The alarm went off and I saw Shaun stirring which helped me get my butt in gear. Hitting the trail at 3:15 under starry skies we quickly made it to the split for the trail up to the saddle. This was a bit of a grunt, but we put our heads down and knocked it out. Reaching the saddle just before 4, and it was still completely dark out. Having no beta on the route, we simply attacked it head on and made it up as we went.
Mt. Daly in the morning
First obstacle on Daly taken on descent
Window on Daly's ridge taken on descent
Right off the bat you run into a huge obstacle that we decided to skirt around on the left side. The tough climbing was made more interesting by the fact that the first 40 minutes were in the dark with only our headlamps to show the options we had. Once around that first difficulty we regained the ridge and passed through a huge window to the other side of the ridge. After that there was another large obstacle that we went around on the right side this time. From there on out we more or less stayed on the ridge proper. The first third of the ridge is relatively flat class 3 climbing, followed by a section of class 3 with elevation gain, and finishing with a class 2 walk up to the summit. We pulled ourselves to the summit 5 minutes before sunrise on a perfect morning.
Daly summit with Capitol and Snowmass
Capitol at sunrise
Bells and Pyramid sunrise
Our next goal for the day
The sunrise was spectacular and the views of the entire Elk Range, and especially Capitol were awe-inspiring. We refueled on top for a few minutes and I must say, a pastrami sandwich for breakfast at 5:40am really hit the spot. The ridge had taken longer than expected so we knew we needed to get a move on in order to meet Mark at the saddle. Downclimbing the ridge was much easier having been there before and being able to see, and we made it back to the saddle just before 7, and just as Mark was finishing the switchbacks.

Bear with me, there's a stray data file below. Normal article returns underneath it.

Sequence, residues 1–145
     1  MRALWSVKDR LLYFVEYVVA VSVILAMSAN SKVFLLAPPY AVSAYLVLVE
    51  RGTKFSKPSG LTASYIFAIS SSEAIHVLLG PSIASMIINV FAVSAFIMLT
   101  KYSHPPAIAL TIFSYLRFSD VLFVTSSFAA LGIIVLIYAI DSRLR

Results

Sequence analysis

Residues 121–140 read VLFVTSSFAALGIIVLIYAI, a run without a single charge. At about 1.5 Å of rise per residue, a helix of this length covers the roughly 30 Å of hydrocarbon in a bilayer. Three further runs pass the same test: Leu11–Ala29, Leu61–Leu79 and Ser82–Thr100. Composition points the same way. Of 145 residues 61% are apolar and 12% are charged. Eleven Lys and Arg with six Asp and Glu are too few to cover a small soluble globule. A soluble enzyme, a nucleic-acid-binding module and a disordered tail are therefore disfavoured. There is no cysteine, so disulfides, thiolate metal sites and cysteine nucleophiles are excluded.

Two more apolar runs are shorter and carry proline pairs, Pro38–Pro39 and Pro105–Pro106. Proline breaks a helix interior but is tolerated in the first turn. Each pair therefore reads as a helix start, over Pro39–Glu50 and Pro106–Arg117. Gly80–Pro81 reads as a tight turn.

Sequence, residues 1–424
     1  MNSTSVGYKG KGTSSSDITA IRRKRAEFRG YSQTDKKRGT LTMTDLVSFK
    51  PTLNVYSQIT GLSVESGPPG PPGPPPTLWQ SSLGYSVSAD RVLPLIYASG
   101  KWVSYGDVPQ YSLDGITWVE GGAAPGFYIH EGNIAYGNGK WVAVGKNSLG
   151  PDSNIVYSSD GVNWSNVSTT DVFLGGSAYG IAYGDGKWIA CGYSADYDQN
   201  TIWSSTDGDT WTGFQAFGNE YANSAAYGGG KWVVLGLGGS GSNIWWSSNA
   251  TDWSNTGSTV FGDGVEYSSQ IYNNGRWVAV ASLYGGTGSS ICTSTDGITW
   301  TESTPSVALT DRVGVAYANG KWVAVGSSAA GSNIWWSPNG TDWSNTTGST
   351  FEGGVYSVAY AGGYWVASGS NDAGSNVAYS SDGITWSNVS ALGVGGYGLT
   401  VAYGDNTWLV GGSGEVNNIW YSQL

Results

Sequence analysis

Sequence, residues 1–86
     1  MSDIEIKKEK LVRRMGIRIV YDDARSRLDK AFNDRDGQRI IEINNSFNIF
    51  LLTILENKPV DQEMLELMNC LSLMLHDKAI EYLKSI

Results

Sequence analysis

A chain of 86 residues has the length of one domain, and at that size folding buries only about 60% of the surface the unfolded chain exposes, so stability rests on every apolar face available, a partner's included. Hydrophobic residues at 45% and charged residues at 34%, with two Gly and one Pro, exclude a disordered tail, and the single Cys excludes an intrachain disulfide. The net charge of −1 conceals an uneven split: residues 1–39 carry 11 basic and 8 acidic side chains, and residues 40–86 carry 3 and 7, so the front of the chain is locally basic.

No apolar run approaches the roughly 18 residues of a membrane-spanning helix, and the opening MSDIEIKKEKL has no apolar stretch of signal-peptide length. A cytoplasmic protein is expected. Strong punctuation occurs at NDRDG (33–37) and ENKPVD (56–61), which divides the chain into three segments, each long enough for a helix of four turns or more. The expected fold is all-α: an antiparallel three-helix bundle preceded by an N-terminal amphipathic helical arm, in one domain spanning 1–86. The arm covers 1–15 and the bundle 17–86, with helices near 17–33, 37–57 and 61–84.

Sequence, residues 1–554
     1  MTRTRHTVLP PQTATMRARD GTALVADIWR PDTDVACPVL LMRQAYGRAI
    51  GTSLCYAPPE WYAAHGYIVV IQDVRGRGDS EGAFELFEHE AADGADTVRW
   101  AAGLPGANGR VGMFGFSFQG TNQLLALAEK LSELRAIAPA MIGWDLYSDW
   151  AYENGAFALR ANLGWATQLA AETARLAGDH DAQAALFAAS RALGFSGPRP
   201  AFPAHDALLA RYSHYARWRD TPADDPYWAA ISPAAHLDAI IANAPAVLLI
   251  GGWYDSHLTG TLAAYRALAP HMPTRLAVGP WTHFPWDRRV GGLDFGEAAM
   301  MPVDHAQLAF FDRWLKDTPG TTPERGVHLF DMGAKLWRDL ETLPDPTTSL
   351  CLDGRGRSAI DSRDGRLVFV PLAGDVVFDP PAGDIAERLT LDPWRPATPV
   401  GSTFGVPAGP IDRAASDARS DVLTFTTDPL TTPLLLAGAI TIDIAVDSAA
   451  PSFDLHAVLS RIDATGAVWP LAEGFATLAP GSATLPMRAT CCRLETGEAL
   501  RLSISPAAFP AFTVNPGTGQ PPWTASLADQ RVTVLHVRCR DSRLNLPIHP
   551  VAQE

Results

Mt. Daly A
Heading over the saddle the route drops down and we lost the trail a bit and had a tricky downclimb that was a nice primer for the climbing to come. A few small snowfields were crossed with care and the ice axes were very helpful for peace of mind in those sections. Contouring around the cliffs of the ridge we found ourselves in a boulder field and the route we had to take to gain K2 was obvious.
The snow was in decent shape for kicking steps and we mostly stayed on it until it became apparent that the rocks were the faster option. I had forgotten to take my water filter out of my pack after filtering the night before, but now I was happy I did because we saw some runoff starting that would offer a great place to filter on the way down. It felt great to stop conserving water and drink as much as I wanted knowing running out wouldn’t be an issue.
Classic shot from K2